Mr Laughren: I appreciate your presentation. I think your points about the downloading need to be re-emphasized. While municipalities may not, by nature, want to privatize, when the downloading hits them they will have no choice. In my own community the net cost of downloading in the regional municipality of Sudbury is $105 million -- net; that's after education taxes have been removed. That would in effect double property taxes in the regional municipality of Sudbury. It's not that municipalities necessarily want to privative; they won't have any choice by the time this government gets finished downloading.

I wanted to ask you about the whole question of privatizing part of a water system. That really intrigued me. You've got a water system that's linked up to different communities, and I don't understand how you cut that in two. If the London water system is privatized, how does that affect the rest of it, St Thomas, for example? Do you have any idea how that would work?

Mr Warren: It's confusing to me how that would work in any kind of equitable situation. London is the dominant municipality around here, with over 300,000 people, and it would seem to me that if a joint system is downloaded to the municipality or privatized, it will end up in the control of the dominant community. That's a great concern we have.

There are small municipalities of 1,000 people drawing water off the pipelines, and how they're going to have any political weight in a scenario where London is so dominant -- I don't think they will. How would they divvy up the ownership? Does the little village of 1,000 have a per cent ownership or does it have no ownership of it? It seems to me that it's much better to leave it in provincial hands and to exercise a role by the provincial government of managing a regional resource.

Mr John O'Toole (Durham East): Thank you for your presentation and for your welcome to London. I want to make three points, really. On the bottom of page 2 you suggest that most politicians or most cities don't want any part of this. The information I have is quite the contrary: 75% of the municipalities own them today, and of the rest, there's quite a lineup, a list of municipalities over the years that have been requesting this change. I bring that to your attention.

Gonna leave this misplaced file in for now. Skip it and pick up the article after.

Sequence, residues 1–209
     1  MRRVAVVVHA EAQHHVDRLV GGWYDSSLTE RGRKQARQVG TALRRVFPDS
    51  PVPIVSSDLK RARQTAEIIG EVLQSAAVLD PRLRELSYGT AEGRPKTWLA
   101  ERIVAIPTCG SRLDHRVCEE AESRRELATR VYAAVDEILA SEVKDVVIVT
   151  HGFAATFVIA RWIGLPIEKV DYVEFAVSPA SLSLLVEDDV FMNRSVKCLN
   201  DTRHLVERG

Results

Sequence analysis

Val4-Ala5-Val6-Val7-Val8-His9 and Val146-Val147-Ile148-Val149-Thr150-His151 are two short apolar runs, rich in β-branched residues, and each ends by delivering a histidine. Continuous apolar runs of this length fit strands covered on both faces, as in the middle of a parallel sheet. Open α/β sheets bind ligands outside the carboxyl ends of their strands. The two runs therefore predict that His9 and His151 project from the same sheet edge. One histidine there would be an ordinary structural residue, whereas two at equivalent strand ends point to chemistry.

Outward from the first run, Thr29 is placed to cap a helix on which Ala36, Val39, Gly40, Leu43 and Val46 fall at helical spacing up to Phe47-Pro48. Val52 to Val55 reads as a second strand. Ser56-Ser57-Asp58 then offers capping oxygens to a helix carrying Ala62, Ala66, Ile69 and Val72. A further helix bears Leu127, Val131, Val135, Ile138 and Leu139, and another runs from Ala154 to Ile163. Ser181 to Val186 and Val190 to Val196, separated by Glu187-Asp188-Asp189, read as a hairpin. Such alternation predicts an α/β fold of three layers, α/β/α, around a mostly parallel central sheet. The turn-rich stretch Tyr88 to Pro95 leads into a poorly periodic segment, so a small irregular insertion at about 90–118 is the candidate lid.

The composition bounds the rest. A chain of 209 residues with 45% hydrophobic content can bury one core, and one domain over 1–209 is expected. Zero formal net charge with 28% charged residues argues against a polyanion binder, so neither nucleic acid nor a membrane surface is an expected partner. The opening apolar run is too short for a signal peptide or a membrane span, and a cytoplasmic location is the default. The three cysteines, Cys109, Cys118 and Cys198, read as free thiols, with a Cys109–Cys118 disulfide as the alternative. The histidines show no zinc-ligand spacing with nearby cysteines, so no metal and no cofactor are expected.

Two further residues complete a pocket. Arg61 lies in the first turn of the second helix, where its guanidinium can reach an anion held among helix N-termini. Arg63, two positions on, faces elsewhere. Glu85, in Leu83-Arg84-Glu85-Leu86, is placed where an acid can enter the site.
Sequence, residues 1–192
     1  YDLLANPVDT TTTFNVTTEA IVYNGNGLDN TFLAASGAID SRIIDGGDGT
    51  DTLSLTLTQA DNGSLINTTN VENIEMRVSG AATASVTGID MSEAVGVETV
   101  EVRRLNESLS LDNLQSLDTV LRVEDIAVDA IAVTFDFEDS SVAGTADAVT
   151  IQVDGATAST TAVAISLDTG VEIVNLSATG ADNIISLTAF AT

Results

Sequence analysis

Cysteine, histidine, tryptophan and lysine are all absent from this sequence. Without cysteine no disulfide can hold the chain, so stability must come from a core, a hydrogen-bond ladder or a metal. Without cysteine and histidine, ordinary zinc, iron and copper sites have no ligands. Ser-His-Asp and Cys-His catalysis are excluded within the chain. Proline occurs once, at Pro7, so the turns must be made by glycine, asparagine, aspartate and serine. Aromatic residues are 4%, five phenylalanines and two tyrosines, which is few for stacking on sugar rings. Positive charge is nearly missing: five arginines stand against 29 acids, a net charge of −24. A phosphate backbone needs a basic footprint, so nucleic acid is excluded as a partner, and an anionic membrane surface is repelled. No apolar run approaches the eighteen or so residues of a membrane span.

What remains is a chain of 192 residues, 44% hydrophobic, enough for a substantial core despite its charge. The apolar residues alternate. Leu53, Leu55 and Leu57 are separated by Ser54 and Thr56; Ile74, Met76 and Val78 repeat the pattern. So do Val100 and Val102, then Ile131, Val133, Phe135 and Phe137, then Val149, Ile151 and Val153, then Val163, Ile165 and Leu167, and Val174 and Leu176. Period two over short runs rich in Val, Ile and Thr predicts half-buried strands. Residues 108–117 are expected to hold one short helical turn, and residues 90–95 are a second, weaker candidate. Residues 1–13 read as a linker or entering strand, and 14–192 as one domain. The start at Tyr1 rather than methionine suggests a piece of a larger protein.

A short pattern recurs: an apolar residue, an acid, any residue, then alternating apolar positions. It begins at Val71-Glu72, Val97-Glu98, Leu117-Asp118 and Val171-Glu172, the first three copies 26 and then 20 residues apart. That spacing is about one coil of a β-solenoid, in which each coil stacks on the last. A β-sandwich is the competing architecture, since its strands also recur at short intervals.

Second, on page 4 your economic argument is not completely balanced in the first paragraph, and I'd like to talk to you about that. In the second-last paragraph on page 4 you talk about a "private sector monopoly." I'd like your comments on a public sector monopoly which perhaps exists today. I'd ask if you think that the current fees paid for water usage are not user fees. How else would you describe them? There's a base fee and then there's a user fee based on some kind of consumption rate or discharge rate.

Finally, I wonder if you think we should be charging the hospitals these fees. With public service institutions like universities and hospitals, which are publicly funded, should we be also churning the fees through to charge the hospitals so we divert the health care dollars to sewage and water treatment as opposed to patient care?

Those are three or four things for you to think about that I find exception to in your presentation.

Mr Warren: To make a point on the last one, the hospitals, as part of their operating budgets, should have the money to cover whatever taxes or user fees they have to pay. The argument that you guys make about user fees is that they're designed to encourage conservation. If the largest single water user in London gets off, they're not going to have any incentive for water conservation.

I think linking the argument of water conservation and user fees together is inaccurate in the first place. You don't say that hospitals should get free gas from the private gas company because it's a public institution. You say they should pay the market rate like everybody else.